Here are our CFD links and discussions about aerodynamics, suspension, driver safety and tyres. Please stick to F1 on this forum.
TimW
TimW
35
Joined: Thu Aug 01, 2019 6:07 pm

Apart from the outwash, does the raising of the floor edge not also make the wake worse?

Higher edge = less sealing = more air being sucked in and processed by the diffuser = more air being affected by the car = bigger wake / worse following?

Of course this is not all 1:1, but as a general trend

jjn9128
762
Joined: Tue May 02, 2017 10:53 pm

TimW wrote:
Mon Mar 27, 2023 7:57 am
Apart from the outwash, does the raising of the floor edge not also make the wake worse?

Higher edge = less sealing = more air being sucked in and processed by the diffuser = more air being affected by the car = bigger wake / worse following?

Of course this is not all 1:1, but as a general trend
No.
#aerogandalf
"There is one big friend. It is downforce. And once you have this it’s a big mate and it’s helping a lot." Robert Kubica

JordanMugen
82
Joined: Wed Oct 17, 2018 12:36 pm

vorticism wrote:
Sun Mar 26, 2023 4:27 pm
The floor edge was raised for this year as you all know. +15mm iirc. That's about how tall the ice skate was. I read discussion of this rule change being directed at Merc, at Ferrari. Wasn't it more directed at RB to get rid of the ice skate? Considering the dimension involved.
I dunno, in any case the ice skate is gone.

MIKEY_!
6
Joined: Sun Jul 10, 2011 2:07 am

I've been looking at the aperture regulations (3.7.6) and I'm a bit confused. The regs define the maximum area of these apertures (e.g. 150,000mm^2 per side of the car for the sidepod cooling apertures) but the regs don't seem to say what plane this is measured in.

Does anyone know how these are measured? Is it in a specific plane? Or maybe defined when viewed normal to the surface?

AR3-GP
AR3-GP
289
Joined: Tue Jul 06, 2021 12:22 am

MIKEY_! wrote:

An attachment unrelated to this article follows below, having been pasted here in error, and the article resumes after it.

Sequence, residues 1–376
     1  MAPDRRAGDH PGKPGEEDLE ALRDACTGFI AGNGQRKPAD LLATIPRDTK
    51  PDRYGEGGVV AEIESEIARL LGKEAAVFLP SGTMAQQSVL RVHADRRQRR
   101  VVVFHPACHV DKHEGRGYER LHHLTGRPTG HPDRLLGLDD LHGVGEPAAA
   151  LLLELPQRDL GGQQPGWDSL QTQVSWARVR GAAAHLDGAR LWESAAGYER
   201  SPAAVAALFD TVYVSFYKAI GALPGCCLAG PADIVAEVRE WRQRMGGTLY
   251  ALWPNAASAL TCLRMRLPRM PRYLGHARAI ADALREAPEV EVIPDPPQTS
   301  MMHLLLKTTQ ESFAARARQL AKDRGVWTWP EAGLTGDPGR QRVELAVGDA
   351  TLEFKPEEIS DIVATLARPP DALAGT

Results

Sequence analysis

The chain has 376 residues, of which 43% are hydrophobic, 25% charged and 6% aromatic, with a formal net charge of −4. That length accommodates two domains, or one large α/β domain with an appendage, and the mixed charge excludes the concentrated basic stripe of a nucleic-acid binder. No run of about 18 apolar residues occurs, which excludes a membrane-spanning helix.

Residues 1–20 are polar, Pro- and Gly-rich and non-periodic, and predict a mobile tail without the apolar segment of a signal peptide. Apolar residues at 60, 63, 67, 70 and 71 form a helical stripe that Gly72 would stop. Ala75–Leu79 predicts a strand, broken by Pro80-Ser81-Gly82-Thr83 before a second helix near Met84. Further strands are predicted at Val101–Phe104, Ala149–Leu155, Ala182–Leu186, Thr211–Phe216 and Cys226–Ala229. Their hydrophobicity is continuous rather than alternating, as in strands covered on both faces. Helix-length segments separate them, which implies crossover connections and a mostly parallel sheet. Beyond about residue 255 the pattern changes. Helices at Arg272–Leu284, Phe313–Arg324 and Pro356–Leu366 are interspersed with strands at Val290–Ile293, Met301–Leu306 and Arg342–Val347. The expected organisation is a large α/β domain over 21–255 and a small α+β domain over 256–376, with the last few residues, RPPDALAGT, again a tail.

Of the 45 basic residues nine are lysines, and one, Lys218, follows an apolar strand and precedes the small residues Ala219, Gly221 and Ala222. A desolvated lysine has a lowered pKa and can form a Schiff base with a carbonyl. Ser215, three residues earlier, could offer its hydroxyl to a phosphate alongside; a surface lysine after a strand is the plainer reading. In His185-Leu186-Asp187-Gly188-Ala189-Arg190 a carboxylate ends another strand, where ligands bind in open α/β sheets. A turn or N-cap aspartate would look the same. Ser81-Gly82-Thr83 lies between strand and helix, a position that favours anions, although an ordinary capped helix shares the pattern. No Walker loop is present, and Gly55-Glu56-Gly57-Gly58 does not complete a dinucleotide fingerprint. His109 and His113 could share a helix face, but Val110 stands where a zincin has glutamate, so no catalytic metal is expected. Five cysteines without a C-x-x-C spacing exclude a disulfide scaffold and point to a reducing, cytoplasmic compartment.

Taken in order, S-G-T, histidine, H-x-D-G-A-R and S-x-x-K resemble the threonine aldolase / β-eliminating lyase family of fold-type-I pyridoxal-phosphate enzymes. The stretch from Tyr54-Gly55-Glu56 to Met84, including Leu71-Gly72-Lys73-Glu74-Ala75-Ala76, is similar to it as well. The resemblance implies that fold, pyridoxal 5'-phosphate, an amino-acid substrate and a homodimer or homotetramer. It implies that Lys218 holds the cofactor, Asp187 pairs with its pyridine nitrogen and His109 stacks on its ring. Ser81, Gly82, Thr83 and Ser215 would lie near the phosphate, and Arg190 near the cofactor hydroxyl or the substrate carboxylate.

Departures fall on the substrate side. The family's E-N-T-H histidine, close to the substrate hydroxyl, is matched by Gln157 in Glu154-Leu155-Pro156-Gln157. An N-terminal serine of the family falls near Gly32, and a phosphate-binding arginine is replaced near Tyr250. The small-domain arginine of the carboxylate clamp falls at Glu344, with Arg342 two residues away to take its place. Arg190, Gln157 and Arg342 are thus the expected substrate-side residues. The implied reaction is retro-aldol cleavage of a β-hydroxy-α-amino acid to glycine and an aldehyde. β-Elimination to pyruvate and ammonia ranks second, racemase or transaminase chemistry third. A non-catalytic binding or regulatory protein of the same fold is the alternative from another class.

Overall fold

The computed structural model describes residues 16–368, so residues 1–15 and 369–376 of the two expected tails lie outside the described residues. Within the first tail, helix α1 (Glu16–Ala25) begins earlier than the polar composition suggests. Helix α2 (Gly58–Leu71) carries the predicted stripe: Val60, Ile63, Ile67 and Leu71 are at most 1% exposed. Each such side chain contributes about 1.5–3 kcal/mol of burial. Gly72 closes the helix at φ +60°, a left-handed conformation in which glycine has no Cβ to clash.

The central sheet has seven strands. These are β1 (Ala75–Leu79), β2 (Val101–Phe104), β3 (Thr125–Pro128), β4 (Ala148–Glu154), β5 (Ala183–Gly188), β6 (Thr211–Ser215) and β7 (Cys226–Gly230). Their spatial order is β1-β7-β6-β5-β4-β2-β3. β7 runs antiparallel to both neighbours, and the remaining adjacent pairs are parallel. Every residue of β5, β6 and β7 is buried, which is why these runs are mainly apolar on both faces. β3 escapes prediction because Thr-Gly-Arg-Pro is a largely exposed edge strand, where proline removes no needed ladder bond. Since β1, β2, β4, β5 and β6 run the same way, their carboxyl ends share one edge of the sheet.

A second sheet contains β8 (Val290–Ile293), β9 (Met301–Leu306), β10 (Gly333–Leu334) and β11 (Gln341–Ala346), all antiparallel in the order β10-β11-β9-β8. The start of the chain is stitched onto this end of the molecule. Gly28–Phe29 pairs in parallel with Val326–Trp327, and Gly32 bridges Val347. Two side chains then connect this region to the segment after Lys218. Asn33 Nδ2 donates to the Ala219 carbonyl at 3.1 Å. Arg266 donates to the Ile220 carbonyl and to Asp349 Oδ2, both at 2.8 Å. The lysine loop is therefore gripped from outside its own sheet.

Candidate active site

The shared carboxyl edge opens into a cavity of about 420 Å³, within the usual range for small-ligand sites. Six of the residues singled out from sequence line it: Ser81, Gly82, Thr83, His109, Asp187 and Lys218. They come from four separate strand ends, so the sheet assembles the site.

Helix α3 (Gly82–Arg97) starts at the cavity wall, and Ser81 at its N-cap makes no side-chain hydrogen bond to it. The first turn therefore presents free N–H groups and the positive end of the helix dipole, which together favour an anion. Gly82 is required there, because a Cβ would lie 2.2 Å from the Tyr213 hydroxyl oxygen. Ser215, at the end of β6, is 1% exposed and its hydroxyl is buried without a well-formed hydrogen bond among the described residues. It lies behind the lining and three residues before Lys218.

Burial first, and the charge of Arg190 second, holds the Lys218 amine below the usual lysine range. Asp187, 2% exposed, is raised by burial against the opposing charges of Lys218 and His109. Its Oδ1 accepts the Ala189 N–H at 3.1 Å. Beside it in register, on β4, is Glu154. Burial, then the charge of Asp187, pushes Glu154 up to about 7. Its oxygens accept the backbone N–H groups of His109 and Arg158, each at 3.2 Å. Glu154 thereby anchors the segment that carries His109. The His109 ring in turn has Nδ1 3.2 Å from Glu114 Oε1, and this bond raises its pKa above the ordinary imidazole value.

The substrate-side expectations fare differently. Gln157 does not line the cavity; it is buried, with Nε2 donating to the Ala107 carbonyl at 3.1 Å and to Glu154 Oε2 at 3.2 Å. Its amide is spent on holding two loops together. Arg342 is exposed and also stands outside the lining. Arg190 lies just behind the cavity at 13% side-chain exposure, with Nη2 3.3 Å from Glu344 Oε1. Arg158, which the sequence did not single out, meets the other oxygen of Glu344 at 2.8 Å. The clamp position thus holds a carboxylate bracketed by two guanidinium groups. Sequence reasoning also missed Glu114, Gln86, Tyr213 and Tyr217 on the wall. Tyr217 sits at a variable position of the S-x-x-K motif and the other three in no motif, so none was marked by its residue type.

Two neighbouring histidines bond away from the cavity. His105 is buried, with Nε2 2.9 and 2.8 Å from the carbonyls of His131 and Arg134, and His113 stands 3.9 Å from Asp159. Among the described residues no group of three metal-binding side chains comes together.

Fri Apr 14, 2023 10:03 am
I've been looking at the aperture regulations (3.7.6) and I'm a bit confused. The regs define the maximum area of these apertures (e.g. 150,000mm^2 per side of the car for the sidepod cooling apertures) but the regs don't seem to say what plane this is measured in.

Does anyone know how these are measured? Is it in a specific plane? Or maybe defined when viewed normal to the surface?
All areas mentioned in this Article will be measured on the untrimmed Rear Bodywork
surface.
This is at the end of Article 3.7.6 but I agree with you that this can be rather ambiguous depending on how the surfaces are created in the CAD model.

Looking at the Ferrari, these apertures tend to be planar:

MIKEY_!
6
Joined: Sun Jul 10, 2011 2:07 am

AR3-GP wrote:
Fri Apr 14, 2023 1:50 pm
All areas mentioned in this Article will be measured on the untrimmed Rear Bodywork
surface.
This is at the end of Article 3.7.6 but I agree with you that this can be rather ambiguous depending on how the surfaces are created in the CAD model.

Looking at the Ferrari, these apertures tend to be planar:

https://pbs.twimg.com/media/Fo7TD2lWcAI ... ame=medium
I'm not sure I fully understand. Do you mean planar to the bodywork surface before the apertures are defined? Does that mean they define the sidepod surface, and then define the 2D area on that surface where they want to circumvent the minimum radius rules?

I must be missing something, because some of these louvres areas look a lot bigger than 150,000mm^2 (about 387mm x 387mm), especially last year's sauber.

AR3-GP
AR3-GP
289
Joined: Tue Jul 06, 2021 12:22 am

MIKEY_! wrote:
Sat Apr 15, 2023 1:54 am
AR3-GP wrote:
Fri Apr 14, 2023 1:50 pm
All areas mentioned in this Article will be measured on the untrimmed Rear Bodywork
surface.
This is at the end of Article 3.7.6 but I agree with you that this can be rather ambiguous depending on how the surfaces are created in the CAD model.

Looking at the Ferrari, these apertures tend to be planar:

https://pbs.twimg.com/media/Fo7TD2lWcAI ... ame=medium
I'm not sure I fully understand. Do you mean planar to the bodywork surface before the apertures are defined? Does that mean they define the sidepod surface, and then define the 2D area on that surface where they want to circumvent the minimum radius rules?

I must be missing something, because some of these louvres areas look a lot bigger than 150,000mm^2 (about 387mm x 387mm), especially last year's sauber.
I thought I replied at some point, but article 3.7.1 to 3.7.5 require you to draw a closed, untrimmed, rear bodywork surface. So basically what you said in your post here is correct:
Does that mean they define the sidepod surface, and then define the 2D area on that surface where they want to circumvent the minimum radius rules?
Only then are these louver cut outs permitted and the surface area attributed to them is simply the measurement from the CAD model. To make the cut outs in CAD, they are probably using 2D extrusions to intersect the side pod. Then this interior intersection area is the area which is regulated.